September 19 2017
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There’s nothing more irritating than a pesky injury that gets in the way of your training. However, kinesiology therapeutic tape is a great quick fix. Athletes, especially runners, find comfort from something as simple as a strip of sticky tape. According to KT Tape’s website, it’s designed to provide support and alleviate muscle, ligament and tendon pain. They also explain that it’s an effective temporary use for injury.
Both elite and average runners have relied on the magic behind kinesiology tape to keep their pain to a minimum. I can certainly attest to the efficacious results from wrapping my nagging foot before competing in my championship race. Admittedly surprised, I finished my race with minimal discomfort thanks to the tape. Something as basic as this webbing, in fact, has a significant amount of science behind it.
Unlike the typical, familiar athletic tape, which is used for wrapping a joint or tendon to aid the problem, kinesiology tape is placed in an assortment of strands on and around the given area of distress. Graceann Forrester, a physical therapist who instructs clinicians on how to use the tape, explains, “It’s pulled to differing degrees of tension to create the desired effect.” It’s often worn for a couple of days, dissimilar to standard taping, which is normally just used for an activity.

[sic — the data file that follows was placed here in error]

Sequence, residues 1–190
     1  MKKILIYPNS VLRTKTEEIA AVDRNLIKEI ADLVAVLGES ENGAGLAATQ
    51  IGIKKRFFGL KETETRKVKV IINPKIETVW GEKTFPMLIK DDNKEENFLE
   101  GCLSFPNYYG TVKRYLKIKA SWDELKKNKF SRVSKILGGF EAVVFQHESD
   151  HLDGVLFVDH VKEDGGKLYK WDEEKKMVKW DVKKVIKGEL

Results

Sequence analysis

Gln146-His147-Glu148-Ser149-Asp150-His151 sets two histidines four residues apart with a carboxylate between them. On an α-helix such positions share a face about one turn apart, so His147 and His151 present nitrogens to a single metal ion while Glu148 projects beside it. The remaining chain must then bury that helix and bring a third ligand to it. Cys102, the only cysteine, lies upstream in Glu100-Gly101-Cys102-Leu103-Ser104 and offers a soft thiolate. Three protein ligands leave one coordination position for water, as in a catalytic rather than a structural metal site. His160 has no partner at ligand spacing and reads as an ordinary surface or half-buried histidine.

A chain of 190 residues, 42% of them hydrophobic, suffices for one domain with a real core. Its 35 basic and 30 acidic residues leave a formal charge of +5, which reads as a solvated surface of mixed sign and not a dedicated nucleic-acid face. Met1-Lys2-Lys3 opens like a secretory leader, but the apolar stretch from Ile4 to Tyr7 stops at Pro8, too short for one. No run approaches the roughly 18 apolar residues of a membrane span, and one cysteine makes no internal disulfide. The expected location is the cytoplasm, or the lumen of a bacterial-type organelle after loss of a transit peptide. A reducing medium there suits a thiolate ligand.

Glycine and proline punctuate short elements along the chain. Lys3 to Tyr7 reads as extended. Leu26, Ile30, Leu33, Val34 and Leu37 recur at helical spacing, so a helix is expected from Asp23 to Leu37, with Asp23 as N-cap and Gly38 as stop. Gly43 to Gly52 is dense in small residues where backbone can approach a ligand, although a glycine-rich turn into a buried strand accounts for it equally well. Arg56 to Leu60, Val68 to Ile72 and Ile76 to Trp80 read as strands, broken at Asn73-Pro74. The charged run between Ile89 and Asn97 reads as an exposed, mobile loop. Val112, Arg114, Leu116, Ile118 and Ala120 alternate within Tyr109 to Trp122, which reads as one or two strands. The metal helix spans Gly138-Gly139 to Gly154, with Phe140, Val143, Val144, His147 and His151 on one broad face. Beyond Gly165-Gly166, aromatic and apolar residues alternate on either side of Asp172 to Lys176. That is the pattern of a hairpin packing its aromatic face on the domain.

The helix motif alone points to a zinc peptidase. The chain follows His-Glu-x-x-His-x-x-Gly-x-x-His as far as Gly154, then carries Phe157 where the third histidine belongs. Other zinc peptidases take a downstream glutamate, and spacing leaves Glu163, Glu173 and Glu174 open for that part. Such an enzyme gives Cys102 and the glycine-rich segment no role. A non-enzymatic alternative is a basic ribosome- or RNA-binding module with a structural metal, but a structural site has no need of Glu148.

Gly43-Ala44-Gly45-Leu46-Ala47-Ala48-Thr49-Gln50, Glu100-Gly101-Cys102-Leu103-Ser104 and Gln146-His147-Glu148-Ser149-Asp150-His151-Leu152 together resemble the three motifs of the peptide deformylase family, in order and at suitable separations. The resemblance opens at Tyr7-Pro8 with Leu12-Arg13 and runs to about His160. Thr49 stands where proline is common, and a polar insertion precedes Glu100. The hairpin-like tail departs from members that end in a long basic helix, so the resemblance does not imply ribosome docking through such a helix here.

Forrester says that the tape can be used to pull up the skin, therefore creating an area of low pressure where fluid can move and drain. Others believe that it gives stimulation to skin cells because it touches the pain in that spot. In other words, it’s as if you were applying pressure, or rubbing down the area that’s bothering you. “It allows the muscles to go on vacation for a day or two so they come back healed,” says physical therapist Holly Moriarty from Gainesville, Va.
Dr. Kenzo Kase created Kinesio Tape in the 1970s. He wanted to design something different from the typical inflexible and stiff athletic strands that many athletes would turn to for healing. “It’s made of cotton over elastic fibers; it’s breathable, flexible, and mimics skin’s elasticity,” according to Karena WU, P.T., C.S.C.S., C.K.P.T., the president/clinical director of ActiveCare Physical Therapy in New York. The brilliance behind it is that it provides neurosensory, which ameliorates pain. It then helps to trigger the neuromuscular response and the stimulation of muscles. Gavin Daglish, a physiotherapist at Mike Varney Physiotherapy in Harlow, Essex, U.K. says that “It allows free movement of lymphatic fluid. It reduces friction between the tissues in the skin.” In other words, it helps to take the stress off the muscles.
So, if you’re faced with an unfortunate injury, consider giving kinesiology tape a try. It won’t take away the pain entirely, but it may provide you with the comfort you need. I can attest to the “magic.”